More than 300 retail jobs could be on the way for Belfast city centre if a raft of international names finalise plans to open in the city, it has been claimed.
New retail and food businesses from no-frills burger joint Five Guys to high-profile fashion houses like H&M sister brand Cos are understood to be preparing to set up shop in Northern Ireland. Commercial property agents Savills said long-anticipated reductions in business rates have encouraged many potential international investors to commit to Belfast.
And hundreds of jobs could be offered in the city centre within the next 12 to 18 months due to "soaring" interest from large international and national retailers.
Retail director Paul Wilson was commenting on Savills' new report which showed retail investment accounted for an overwhelming majority, 88% (£440.27m), of the £500m worth of commercial property deals completed by the end of last year.
"Renewed consumer confidence and jobs growth is now beginning to be reflected in the retail property market," he said.
New entrants had begun to acquire prime and secondary locations in Belfast, he said with Mango, Karen Millen, Jaeger, Lidl, Golf Nation, Joules, Swarovski and Michael Kors either securing new sites or upsizing within the city centre. DW Sports, Gap and Zara have also been on the move.
Footwear brand Skechers and US kids fashion retailer Aeropostale are also among those expected to be seeking prime space in Belfast within the next year.
US fast-food giants Five Guys and UK-based casual Italian restaurants Ask and Izzy have also set their sights on the Northern Ireland market over the coming weeks and months.
The Irish franchise for Five Guys, founded in Virginia in the US in 1986, has been won by two sons of businessman Dermot Desmond, who are tipped to open five restaurants in Dublin.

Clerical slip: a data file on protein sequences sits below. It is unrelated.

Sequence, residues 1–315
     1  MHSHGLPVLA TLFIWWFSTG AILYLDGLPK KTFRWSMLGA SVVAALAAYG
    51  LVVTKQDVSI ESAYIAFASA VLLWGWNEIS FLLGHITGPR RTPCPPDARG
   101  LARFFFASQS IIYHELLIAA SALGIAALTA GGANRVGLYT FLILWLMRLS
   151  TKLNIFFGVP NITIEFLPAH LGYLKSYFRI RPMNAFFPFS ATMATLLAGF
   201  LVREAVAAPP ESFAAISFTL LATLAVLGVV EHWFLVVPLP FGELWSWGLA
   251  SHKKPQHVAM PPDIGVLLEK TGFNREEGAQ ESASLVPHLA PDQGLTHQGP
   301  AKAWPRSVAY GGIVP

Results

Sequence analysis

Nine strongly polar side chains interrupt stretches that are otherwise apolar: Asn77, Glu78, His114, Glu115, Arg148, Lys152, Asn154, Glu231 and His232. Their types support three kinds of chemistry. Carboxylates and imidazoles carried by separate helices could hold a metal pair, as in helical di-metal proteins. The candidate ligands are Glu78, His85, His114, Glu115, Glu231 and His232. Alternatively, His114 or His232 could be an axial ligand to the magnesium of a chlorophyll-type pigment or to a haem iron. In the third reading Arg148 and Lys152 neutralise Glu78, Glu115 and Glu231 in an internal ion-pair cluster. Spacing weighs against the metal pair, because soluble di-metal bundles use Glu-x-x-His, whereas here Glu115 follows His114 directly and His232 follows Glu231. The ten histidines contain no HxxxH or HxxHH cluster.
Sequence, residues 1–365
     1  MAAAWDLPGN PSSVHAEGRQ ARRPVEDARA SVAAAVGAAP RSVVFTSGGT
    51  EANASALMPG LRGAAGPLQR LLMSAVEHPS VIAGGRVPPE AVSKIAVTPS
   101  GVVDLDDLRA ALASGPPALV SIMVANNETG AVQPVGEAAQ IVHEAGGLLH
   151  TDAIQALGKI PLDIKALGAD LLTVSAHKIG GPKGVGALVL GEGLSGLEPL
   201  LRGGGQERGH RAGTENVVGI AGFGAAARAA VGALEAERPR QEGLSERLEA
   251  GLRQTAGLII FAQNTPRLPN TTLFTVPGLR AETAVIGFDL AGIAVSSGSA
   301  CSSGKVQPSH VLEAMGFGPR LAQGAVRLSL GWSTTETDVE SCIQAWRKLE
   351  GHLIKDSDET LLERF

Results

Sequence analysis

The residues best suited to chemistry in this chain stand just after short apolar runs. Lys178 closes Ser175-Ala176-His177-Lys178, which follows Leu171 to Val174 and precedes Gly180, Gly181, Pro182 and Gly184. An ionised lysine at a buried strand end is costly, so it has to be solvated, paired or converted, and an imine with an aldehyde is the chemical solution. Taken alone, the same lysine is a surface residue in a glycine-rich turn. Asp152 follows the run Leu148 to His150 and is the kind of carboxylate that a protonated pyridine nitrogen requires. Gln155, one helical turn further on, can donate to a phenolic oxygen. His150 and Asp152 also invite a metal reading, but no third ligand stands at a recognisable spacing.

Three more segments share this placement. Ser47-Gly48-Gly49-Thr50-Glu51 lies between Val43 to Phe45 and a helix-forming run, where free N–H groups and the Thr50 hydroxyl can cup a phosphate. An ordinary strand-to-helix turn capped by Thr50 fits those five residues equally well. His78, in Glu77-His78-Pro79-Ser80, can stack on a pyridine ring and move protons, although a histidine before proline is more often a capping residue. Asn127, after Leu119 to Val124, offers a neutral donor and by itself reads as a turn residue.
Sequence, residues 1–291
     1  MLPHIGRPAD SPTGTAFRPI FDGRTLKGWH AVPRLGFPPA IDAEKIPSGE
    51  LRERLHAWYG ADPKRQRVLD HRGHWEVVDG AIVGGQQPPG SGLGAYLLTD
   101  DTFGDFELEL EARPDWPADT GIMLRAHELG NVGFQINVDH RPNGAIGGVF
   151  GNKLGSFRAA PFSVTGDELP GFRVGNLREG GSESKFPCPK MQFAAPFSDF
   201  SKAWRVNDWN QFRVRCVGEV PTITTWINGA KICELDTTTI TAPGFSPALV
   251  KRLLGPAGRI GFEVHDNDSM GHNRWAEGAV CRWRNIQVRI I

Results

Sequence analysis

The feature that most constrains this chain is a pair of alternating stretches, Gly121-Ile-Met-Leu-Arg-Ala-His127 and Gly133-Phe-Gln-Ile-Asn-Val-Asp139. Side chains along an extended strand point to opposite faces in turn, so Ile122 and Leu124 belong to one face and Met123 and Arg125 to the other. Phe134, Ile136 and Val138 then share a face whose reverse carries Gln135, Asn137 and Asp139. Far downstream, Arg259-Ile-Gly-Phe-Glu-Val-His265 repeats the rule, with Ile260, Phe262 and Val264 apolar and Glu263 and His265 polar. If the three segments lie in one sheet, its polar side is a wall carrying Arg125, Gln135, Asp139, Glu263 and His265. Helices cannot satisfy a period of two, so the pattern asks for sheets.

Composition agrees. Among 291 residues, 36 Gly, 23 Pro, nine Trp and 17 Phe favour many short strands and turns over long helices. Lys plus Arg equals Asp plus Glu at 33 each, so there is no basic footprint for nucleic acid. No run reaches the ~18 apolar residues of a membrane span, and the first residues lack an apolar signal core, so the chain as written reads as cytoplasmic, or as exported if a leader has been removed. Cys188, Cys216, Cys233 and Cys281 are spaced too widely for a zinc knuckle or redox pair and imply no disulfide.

They are expected to branch out to Cork, Limerick and Galway before coming north of the border.
The chain has sold franchise opportunities since 2003 and currently has more than 1,200 outlets in the US and Canada, opening in London's Covent Garden in 2013.
Meanwhile fashion label Cos - part of the same stable of Swedish fashion brands as H&M - is on the lookout for a prime location in Belfast, reported Savills. But the Northern Ireland Retail Consortium has warned that political and economic uncertainty could have an adverse impact on long-term investment decisions.
And it called on the politicians to set aside their differences to prioritise the needs of the economy amid a continued challenging retail environment.
Aodhan Connolly of the body said politicians' squabbling could scare off international companies.
"The current political and economic uncertainty here could have an effect on not only consumer confidence, but on long term investment decisions," he said.
He said political disharmony "isn't good for business" and warned "anything that makes retailers' second guess whether they should be investing in Northern Ireland is not welcome".
"It is crucial that our politicians put aside their differences and work collegiately to prioritise the needs of the economy," he said.
"The political parties should get back round the negotiating table, thrash out their differences and then channel their collective energies into creating the certainty and confidence that will aid retailers and others to invest, expand and create jobs."